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THE on­go­ing Black Lives Mat­ter protests have fo­cused at­ten­tion on Bri­tain’s his­tory of tak­ing re­sources, wealth and slaves from other coun­tries, with calls for it to be taught in schools. Dr Joanne Ruth Davis, re­search as­so­ciate at SOAS (School of Ori­en­tal & African Stud­ies) Univer­sity of Lon­don gave us this run­down of the his­tory of colo­nial­ism and why it’s still rel­e­vant to­day.


Have you ever heard the say­ing “the sun never sets on the Bri­tish Em­pire”? Dur­ing the 1800s, Bri­tain had con­quered so much of the world that wher­ever there was day­light as the Earth turned, the rays would land on a colony [a coun­try con­trolled by a more powerful na­tion] of the Bri­tish Em­pire.

The cit­i­zens who lived in these colonies, who re­searchers in this field call ‘au­tochthonou­s [pro­nounced ‘or-tok-thon-ous’] pop­u­la­tions’, be­came Bri­tish whether they chose to be Bri­tish cit­i­zens or not, and had to obey the same laws. Bri­tish colonis­ers ruled the colonies from afar. They owned the nat­u­ral re­sources and work­ers in each colony.

The say­ing about the sun never set­ting on the Bri­tish Em­pire was used to show how Bri­tain had su­per­hu­man strength, power and author­ity, as it had man­aged to de­feat the sun.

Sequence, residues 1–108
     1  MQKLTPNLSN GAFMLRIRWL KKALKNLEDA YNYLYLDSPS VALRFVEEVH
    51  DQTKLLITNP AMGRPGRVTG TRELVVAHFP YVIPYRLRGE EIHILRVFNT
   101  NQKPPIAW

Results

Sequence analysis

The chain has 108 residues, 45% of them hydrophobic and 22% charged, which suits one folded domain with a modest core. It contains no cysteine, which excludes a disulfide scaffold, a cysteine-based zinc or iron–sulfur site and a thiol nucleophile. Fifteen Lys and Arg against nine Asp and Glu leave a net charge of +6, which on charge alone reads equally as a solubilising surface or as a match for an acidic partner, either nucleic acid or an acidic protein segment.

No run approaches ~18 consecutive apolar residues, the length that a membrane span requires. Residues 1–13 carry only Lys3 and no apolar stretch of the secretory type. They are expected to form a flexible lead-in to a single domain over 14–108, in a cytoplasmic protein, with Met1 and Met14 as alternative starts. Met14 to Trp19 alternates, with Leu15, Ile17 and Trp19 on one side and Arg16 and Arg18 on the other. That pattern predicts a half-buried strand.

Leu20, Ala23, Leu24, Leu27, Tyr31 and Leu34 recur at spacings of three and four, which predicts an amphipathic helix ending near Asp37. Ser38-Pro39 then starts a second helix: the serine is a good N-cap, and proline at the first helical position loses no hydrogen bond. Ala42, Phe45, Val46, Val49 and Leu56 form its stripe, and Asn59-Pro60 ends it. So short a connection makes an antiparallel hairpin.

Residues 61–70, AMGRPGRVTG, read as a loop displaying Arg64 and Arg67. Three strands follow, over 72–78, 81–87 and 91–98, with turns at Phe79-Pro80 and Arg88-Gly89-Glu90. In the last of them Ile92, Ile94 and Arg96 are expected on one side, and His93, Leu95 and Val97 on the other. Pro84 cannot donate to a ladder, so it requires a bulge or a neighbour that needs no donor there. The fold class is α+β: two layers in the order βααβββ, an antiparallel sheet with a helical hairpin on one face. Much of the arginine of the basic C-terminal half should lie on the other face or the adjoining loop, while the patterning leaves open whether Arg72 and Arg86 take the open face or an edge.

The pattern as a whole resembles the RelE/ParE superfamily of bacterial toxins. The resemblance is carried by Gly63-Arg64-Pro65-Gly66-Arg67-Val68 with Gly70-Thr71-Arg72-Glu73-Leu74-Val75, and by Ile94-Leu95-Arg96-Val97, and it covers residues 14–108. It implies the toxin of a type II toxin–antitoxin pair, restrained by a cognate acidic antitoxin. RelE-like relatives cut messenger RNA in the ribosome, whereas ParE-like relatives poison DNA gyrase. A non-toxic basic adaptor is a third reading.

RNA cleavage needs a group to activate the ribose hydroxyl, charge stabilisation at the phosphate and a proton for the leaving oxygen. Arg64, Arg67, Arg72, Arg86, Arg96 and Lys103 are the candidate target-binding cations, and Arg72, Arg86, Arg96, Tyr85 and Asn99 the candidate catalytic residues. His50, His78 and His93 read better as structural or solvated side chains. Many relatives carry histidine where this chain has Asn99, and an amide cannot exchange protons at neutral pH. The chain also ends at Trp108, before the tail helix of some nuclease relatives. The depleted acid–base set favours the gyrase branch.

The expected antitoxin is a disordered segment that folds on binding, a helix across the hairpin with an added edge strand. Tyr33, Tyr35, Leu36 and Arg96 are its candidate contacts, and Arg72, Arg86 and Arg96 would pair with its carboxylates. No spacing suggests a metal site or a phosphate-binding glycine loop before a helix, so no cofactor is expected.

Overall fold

Bri­tain was not the only colo­nial­ist na­tion. Af­ter the Re­nais­sance, start­ing in 1450, coun­tries with ports and a coast­line de­vel­oped their sea­far­ing tech­nol­ogy. France, Spain and Por­tu­gal, as well as Ger­many, Italy, Bel­gium and Hol­land, also ven­tured to ex­plore the world be­yond the shores of Europe.

They were in­spired by the idea of new­ness: new spices, fab­rics, jew­els and pre­cious met­als would be ex­otic ad­di­tions to their nor­mal pos­ses­sions and cul­ture, and would raise their sta­tus even fur­ther. Ships al­lowed them to trans­port cargo back and forth to show, and then sell, their dis­cov­er­ies.


As these Euro­pean ex­pe­di­tion­ers jour­neyed across the world, they set up re­fu­elling stations along the way so that they could re­fresh their food stores, leav­ing be­hind staff to run them. The ex­plor­ers set­tled in South, North and Cen­tral Amer­ica, and along vir­tu­ally the en­tire African coast south of the Sa­hara. They set­tled in Ma­cau, Hong Kong, In­dia, Aus­tralia, New Zealand and the South Pa­cific, but didn’t set­tle in main­land China or Ja­pan.

The stations were sit­u­ated along coast­lines, so that ships’ crews could have easy ac­cess to pro­duce made on the stations. Af­ter their stations be­came small coastal towns, peo­ple ven­tured in­land and some­times set up new re­mote trad­ing stations. The re­fu­elling and trad­ing stations grew, both in size and num­ber, and some­times